In the instant case, the trial court, pursuant to Rule of Pleading, Practice and Procedure 101.20W, RCW Vol. 0, conducted an inquiry into the voluntariness of the challenged statements. The trial court had before it the affidavit and testimony of the defendant and two counter affidavits and the testimony of one of the affiants (the officer who took the statements) offered by the state. From this information and arising out of the conflict occurring therein, the trial court, in essence, found as facts that defendant (a) was not held incommunicado, (b) did not request an attorney, (c) was not required to give the statements as a condition to being allowed to contact an attorney, and (d) was not promised any favors as an inducement to giving the statements. From these findings of fact, the trial court concluded the statements were voluntarily given.

[5] We pause here to point out that, although we will and do attach significant weight to findings of fact upon disputed issues arising under Rule 101.20W, supra, we cannot blindly and conclusively accept such as indisputably establishing the pertinent facts. It is our duty and obligation, where basic constitutional rights are involved, to carefully review the record brought before us and determine therefrom whether the bounds of due process requirements have been exceeded. Haynes v. Washington, supra; State v. Rutherford, 63 Wn. (2d) 949, 389 P. (2d) 895. We are mindful, in this respect, that it is not our function to reevaluate the credibility of the witnesses testifying. State v. Reed, supra. Our prime concern is that it be convincingly evident from the record that constitutional privileges have not been abused. Strained findings of fact, predicated upon translucent or sophisticated evidence, cannot stand.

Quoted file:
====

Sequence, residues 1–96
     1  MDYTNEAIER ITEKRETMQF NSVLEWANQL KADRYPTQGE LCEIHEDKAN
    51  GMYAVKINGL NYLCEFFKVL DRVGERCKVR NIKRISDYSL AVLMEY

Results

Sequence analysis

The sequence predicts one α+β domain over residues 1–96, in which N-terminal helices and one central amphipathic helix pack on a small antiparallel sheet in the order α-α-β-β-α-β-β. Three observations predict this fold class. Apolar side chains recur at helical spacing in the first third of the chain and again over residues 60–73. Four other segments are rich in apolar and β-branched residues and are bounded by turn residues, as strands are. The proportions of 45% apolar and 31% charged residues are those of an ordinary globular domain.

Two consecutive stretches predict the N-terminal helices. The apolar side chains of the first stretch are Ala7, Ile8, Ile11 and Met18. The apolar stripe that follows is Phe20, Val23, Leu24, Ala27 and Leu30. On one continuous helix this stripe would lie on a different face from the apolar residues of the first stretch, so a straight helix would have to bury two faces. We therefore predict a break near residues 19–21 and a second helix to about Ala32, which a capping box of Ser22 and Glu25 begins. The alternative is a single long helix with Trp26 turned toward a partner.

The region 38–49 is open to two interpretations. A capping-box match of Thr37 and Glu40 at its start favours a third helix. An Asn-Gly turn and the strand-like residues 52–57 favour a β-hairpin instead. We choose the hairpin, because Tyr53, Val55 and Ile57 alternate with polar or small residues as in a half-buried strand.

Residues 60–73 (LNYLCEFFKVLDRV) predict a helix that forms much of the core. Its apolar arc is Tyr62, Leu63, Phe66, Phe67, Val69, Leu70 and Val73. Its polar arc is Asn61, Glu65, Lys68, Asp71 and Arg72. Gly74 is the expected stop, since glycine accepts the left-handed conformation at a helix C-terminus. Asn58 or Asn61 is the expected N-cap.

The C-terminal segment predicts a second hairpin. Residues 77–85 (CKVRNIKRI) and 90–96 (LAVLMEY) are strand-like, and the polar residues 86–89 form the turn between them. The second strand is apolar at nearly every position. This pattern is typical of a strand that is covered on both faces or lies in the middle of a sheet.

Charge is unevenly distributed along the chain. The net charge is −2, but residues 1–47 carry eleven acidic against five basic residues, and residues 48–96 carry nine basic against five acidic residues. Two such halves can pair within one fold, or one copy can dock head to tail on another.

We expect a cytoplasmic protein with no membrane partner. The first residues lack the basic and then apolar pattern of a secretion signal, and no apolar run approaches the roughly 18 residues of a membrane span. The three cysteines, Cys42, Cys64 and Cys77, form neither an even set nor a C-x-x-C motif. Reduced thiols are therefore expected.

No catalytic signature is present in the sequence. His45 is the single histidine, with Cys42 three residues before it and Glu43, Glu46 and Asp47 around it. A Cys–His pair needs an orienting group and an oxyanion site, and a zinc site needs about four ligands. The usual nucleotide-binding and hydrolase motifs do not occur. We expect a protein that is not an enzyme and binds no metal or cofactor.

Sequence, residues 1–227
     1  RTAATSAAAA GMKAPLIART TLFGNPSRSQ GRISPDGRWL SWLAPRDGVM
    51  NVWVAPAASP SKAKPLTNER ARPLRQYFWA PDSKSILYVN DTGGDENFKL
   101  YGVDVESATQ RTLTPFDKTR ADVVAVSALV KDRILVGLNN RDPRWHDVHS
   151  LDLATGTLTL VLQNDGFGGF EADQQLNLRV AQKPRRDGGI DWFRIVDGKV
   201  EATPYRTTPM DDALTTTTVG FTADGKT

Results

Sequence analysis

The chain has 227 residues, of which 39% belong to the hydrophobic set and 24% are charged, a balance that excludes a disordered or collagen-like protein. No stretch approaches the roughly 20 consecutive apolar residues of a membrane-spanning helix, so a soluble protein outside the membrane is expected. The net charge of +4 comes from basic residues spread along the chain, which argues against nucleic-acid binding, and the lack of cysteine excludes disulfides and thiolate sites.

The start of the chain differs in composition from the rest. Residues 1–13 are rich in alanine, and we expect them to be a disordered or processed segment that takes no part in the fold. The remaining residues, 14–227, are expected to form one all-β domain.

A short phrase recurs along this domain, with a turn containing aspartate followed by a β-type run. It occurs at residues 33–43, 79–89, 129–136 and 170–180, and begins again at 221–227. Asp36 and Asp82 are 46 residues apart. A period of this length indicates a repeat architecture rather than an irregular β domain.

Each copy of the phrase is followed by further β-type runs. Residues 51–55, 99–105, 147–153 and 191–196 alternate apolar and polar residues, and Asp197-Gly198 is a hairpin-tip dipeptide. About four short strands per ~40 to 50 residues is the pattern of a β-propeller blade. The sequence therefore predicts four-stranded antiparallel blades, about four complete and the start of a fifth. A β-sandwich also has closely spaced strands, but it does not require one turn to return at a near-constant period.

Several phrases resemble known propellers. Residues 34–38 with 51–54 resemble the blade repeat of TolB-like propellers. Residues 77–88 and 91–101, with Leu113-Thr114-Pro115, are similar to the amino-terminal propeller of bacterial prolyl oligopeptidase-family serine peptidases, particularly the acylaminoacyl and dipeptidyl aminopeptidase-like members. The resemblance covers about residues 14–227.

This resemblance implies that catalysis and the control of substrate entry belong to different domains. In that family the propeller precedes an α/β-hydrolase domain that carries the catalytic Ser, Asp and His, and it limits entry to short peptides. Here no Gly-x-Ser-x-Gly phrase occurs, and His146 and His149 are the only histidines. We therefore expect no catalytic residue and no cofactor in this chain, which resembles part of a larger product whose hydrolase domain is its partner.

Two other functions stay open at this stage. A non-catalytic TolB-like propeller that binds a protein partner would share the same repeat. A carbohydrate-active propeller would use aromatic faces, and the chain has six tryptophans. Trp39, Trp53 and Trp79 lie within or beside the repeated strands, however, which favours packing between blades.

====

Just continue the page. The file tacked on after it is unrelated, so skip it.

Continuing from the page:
*452 Examination of the instant record in the light of our responsibility satisfies us that the trial court's findings are amply supported by the evidence. It is undisputed that defendant signed the first of two statements within 9 hours of his apprehension, and the second within 36 hours, and after he had been permitted to confer with his companion. He makes no contention that he was abused or threatened in the county or city jail. He admits he was anxious to get his case processed, and while asserting he requested use of the telephone and the assistance of counsel tacitly concedes he knew no one whom he would have contacted. On the other hand, the officers, by way of affidavits and testimony, specifically deny defendant either requested use of the telephone or the assistance of counsel. The gist of the testimony of the officer taking the statements may be gleaned from the following excerpts from his cross-examination: